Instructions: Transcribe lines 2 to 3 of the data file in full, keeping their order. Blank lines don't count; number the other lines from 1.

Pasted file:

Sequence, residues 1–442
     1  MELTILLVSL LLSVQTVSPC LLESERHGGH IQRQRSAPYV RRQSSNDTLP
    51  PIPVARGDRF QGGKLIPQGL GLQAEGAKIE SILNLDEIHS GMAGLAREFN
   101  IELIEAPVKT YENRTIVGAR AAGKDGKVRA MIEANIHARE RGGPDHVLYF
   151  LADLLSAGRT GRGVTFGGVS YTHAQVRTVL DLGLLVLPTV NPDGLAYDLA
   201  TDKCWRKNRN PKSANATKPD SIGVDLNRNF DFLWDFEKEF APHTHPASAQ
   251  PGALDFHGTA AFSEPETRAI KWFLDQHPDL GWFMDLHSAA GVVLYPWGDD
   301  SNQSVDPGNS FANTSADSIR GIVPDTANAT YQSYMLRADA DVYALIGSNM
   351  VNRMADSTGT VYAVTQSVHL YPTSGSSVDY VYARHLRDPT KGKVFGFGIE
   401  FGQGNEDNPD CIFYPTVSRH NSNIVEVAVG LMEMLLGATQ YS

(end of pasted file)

     1  MELTILLVSL LLSVQTVSPC LLESERHGGH IQRQRSAPYV RRQSSNDTLP
    51  PIPVARGDRF QGGKLIPQGL GLQAEGAKIE SILNLDEIHS GMAGLAREFN